High ranking officials in the Department of Justice (DOJ) and Securities and Exchange Commission (SEC) said on March 12 that companies that fail to self-report overseas bribes will face tougher Foreign Criminal Practices Act (FCPA) fines.

While speaking at the Georgetown Law Center Corporate Counsel Institute in Washington, Patrick Stokes, deputy chief of the DOJ’s FCPA Division, and Kara Brockmeyer, the SEC FCPA chief, both cited real-life examples of how companies that did not self-report foreign bribes received significantly higher fines and penalties.

Stokes pointed to French conglomerate Alstom SA, which paid $772 million in fines, the largest FCPA fine in history, for an Asian bribery scheme. Stokes stated that if Alstom SA had come forward and cooperated with the an investigation, prosecutors would have sought as little as $207 million in penalties, representing a 73% reduction from the Federal Sentencing Guidelines. He stressed “measurable and clear” benefits of self-disclosure and cooperation and quipped “You don’t need a forensic accountant. You don’t need a law firm to do this.”

Brockmeyer echoed Stokes’ comments and stated that “the point is there are significant dollars-and-cents savings for companies that self-disclose.” Brockmeyer cited the risks for not reporting violations have soared dramatically with whistleblower modifications to security laws under the Dodd/Frank Act, which entitle whistleblowers to receive up to 30% of a settlement. Brockmeyer stated that regardless of the motivation whistleblowers have for coming forward, “we do get quality information out of whistleblowers.”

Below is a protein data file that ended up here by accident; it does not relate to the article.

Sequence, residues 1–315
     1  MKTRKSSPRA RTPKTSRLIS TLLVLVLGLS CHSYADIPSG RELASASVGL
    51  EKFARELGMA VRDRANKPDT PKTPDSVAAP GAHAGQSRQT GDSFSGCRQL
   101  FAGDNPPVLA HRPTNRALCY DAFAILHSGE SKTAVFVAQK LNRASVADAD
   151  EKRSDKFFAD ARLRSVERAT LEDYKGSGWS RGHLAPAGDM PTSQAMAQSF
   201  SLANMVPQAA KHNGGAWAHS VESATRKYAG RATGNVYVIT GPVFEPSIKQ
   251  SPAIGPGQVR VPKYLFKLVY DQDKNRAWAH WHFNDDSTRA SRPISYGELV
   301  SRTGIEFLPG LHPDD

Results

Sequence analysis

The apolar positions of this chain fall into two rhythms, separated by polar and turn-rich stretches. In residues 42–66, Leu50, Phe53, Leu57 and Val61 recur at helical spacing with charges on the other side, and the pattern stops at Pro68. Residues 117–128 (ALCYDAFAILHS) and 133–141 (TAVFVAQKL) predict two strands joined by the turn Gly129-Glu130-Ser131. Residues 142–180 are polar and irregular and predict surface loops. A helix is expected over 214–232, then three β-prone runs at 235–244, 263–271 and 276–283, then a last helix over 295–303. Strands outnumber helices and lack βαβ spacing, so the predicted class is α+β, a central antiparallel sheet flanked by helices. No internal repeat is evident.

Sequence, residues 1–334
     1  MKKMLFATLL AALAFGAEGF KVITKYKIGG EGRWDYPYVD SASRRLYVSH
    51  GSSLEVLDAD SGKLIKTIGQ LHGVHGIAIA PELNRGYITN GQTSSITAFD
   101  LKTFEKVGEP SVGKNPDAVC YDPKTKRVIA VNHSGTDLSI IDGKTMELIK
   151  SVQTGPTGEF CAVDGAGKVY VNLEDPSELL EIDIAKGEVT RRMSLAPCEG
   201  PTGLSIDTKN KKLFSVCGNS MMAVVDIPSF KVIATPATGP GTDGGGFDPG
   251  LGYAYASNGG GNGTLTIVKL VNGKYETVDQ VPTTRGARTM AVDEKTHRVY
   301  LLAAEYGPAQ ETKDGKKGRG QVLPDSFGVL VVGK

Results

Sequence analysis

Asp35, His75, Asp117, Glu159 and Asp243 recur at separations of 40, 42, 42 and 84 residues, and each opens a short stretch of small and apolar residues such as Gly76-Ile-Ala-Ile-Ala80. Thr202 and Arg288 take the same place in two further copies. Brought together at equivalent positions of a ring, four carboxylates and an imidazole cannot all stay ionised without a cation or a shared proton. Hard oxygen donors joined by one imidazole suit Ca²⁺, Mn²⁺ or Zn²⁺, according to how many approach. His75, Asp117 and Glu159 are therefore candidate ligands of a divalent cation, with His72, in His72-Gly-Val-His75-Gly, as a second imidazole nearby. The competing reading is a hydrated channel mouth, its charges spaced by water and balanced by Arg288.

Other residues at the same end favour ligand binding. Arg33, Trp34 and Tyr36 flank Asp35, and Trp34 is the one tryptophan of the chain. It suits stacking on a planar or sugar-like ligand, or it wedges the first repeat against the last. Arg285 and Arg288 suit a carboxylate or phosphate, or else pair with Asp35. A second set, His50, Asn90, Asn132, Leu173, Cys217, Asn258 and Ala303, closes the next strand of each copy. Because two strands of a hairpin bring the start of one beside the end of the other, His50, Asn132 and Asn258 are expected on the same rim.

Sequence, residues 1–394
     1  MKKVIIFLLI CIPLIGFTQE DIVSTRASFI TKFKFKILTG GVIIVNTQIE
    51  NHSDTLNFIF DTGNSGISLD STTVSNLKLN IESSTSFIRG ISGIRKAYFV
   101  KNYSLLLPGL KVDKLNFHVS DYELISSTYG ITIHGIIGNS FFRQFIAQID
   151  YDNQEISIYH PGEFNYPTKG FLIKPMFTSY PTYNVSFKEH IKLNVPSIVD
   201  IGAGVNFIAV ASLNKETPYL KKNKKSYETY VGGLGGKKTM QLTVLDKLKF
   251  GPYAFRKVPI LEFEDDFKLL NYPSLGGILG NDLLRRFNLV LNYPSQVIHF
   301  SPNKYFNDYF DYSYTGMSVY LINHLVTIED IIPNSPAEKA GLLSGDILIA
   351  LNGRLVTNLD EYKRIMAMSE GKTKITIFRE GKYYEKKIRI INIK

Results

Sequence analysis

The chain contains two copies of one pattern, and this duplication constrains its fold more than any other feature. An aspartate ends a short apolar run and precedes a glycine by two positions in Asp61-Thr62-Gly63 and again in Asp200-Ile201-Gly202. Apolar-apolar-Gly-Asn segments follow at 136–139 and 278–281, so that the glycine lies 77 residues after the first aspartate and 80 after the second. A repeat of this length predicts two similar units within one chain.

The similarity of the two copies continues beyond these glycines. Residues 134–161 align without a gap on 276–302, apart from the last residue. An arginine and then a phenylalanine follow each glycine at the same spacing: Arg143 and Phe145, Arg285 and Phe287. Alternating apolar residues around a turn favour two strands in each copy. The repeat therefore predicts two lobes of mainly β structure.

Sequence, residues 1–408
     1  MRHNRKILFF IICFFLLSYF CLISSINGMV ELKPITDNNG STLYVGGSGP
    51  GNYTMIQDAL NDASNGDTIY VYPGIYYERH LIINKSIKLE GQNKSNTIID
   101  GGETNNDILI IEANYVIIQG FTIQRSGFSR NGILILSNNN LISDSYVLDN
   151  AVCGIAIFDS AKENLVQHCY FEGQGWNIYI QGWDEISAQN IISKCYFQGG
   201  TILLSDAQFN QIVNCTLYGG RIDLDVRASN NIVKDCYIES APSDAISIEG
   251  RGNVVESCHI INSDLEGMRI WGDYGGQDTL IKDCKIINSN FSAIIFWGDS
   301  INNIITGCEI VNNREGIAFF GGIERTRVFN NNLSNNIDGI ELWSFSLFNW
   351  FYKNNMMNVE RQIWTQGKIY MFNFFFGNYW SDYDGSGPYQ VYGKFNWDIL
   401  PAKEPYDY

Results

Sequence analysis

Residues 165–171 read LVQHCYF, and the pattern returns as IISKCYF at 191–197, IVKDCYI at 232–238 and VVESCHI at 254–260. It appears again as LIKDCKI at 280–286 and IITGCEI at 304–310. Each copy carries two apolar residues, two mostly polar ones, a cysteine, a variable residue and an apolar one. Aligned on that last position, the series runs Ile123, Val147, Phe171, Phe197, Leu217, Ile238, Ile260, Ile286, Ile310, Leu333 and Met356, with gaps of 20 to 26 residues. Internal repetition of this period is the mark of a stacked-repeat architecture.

In support of these comments, Stokes and Brockmeyer cited the DOJ’s recent settlement with Avon Products, Inc. relating to improper business practices in China. Avon agreed to pay a $68 million settlement, which included a 20% “discount” on the Sentencing Guidelines based on cooperation. Avon would have received a final fine of $42 million if the company had reported that it made $8 million in gifts from Chinese officials. Stokes reported that if Avon Products had refused to cooperate, it would have faced a fine of $142 million.

These comments came two weeks after the SEC announced the settlement made with Goodyear Tire & Rubber, which included $14.1 million in profit disgorgement and $2.1 million in penalties to settle allegations concerning African subsidiaries. Because Goodyear had disclosed the bribes before the investigation, Goodyear did not receive any fines for these charges.